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June 05, 2007


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patrick j. mullins

Well, you've got a lot of emotion about it, so I haven't any reason not to respect someone's guilt; although I am highly suspicious of my own lack of guilt, about which I plan to do precisely nothing except maintain and increase...

But on this I might veer off--

'Ever since, there has been a collective shame on the part of the left, a shame not simply at the way we've exposed our weakness but also a shame toward our collective disavowal of the fact that the right was not as powerful as we made it out to be.'

But they were as powerful as they were made out to be--it's just it was temporary, and you're stuck with hated democracy and voting rights as the reason they were proved not to be omnipotent. The years 2004-2006 were especially thrilling in their frightening fundamentalism, blood-drenched and terrifying at all times--but for me, only because I wasn't sure what was going on with Voting Machine Rackets. I still think that 2006 is the line for me: Voting Machine Fraud Success would have meant the end, and I thought the Bushies could do it. They are proved to be incompetent by their failure to implement Voting Machine Fraud for themselves in 2006. I now even doubt that they really could catch Bin Laden. Things I've recently read about the FBI, NSA and CIA have proved to me that these agencies are not anywhere near as powerful as I thought, although part of this was my own ignorance--I hadn't read enough. They've fucked up so many times it can't even be believed, even had to have Aldrich Ames sent to them by Registered Mail before they'd agree that it might not be wise to let him continue turning over U.S. spies. Even the White House started getting really good at rendering CIA almost inoperative in those years. So I think they were extremely powerful, just not omnipotent. As long as they were not put in check, they went on partying like there was no tomorrow. Not conceding that things have changed because of being annoyed that the Dems couldn't keep sending back the Iraq spending bill over and over without a veto-overturning majority hasn't really changed anything, has it?

'We retreated and cowered before a weak opponent; our shame indicates our opponent's weakness and vulnerability, not our own. We gave in and up before those we could have defeated.'

What good would have 'taking to the streets' really done due to Rehnquist's attempted destruction of the entire world? A few days to assuage future guilt? If Rhenquist was the 'rule of law', we didn't defeat them just because Gore got the popular vote. Bush won the election, because he got the electoral votes--whether by chicanery or what-have-you is beside the point ultimately. Who says Gore shouldn't have been less gentlemanly? If he wanted protests, he might have so indicated.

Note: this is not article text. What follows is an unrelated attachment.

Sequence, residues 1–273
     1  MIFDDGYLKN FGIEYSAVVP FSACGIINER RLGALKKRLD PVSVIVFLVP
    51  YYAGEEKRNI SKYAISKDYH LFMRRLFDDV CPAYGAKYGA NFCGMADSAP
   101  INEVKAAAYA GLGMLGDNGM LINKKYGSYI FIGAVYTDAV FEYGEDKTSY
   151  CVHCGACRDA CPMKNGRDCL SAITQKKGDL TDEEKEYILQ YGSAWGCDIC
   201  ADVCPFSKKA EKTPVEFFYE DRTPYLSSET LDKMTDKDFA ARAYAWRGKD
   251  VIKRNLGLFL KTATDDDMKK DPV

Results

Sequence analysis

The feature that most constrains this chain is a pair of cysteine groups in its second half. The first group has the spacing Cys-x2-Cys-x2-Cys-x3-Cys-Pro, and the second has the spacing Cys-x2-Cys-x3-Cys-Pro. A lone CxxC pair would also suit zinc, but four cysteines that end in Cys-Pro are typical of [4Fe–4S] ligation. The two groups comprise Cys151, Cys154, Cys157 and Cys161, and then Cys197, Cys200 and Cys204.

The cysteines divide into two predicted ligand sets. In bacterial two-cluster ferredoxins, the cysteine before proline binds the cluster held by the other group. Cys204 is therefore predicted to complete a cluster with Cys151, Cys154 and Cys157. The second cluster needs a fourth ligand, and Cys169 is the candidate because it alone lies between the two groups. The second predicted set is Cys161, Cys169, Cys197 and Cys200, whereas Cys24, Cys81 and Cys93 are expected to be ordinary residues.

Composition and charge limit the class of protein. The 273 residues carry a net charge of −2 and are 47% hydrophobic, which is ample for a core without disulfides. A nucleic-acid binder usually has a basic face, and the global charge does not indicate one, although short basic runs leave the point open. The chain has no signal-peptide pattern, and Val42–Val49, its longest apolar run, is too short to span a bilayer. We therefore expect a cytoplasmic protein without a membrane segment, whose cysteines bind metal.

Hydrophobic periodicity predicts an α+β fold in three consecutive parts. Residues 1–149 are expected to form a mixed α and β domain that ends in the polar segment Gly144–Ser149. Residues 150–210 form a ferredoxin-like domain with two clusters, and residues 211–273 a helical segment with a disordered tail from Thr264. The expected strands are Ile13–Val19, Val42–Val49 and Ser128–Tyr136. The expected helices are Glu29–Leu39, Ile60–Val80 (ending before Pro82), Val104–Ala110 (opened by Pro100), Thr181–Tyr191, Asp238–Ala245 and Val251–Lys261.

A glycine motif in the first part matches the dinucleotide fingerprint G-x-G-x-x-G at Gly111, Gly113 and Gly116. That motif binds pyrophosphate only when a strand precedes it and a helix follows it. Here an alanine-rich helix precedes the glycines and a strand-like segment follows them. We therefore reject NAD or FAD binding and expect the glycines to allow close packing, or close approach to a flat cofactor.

'And actually did.'

Still no, I think, but I see what you're talking about. The last years of Clinton's reign are a little more easily forgotten or mimimized than they should be because they weren't as bad as Bush, not by a long shot. The most outrageous thing Clinton did was that quickie Iraq bombing when the impeachment vote was coming up--and he made himself into a buffoon, because it only gave him one extra day. But there was an atmosphere of decadence at the end of his reign--pardons galore-- that had a lot to do with Gore not winning a lot more easily--a lot of Gore's defeat is Clinton's fault. I agree that everything got worn down so that people weren't able to get enthusiastic about imagining all the villainies about to come up, though. There wasn't enough passionate conviction, although it really was just Rehnquist.


"Perhaps the depoliticized economy is that disavowed fantasy that has enabled our acquiescence to neoliberal hegemony without a fight."

I think this is crucial, and true about capitalism generally. Capitalism purports to remove the economy from the political realm. We are seduced by the notion that capitalism is "natural", and thus further seduced by the idea that the de-politicization of the economy is not only how things are, but how they ought to be (even while ignoring the very real ways in which the economy IS political).

I think this kind of block, along with your previous point in an earlier post about how the left "enjoys" the fruits of capitalism/neo-liberalism, goes a long way towards explaining the left's inability move.

With respect to the 2000 election somehow proving to the left that the US was in fact this big conservative monster, perhaps you're right. But it's important, I think, not to forget that Bush wasn't exactly doing so hot till 9/11. The liberal response to that may have proven the left's worse fears more than even the election had.

Bob Allen

Excellent insights into the nature of capitalism. When we talk of the left's collective guilt and shame, we shouldn't forget that Clinton was not a leftist and that participation in the electoral process of bourgeois democracy in itself is a capitulation to the right. Does this add to the sense of shame, knowing the game is rigged and yet playing it anyway?

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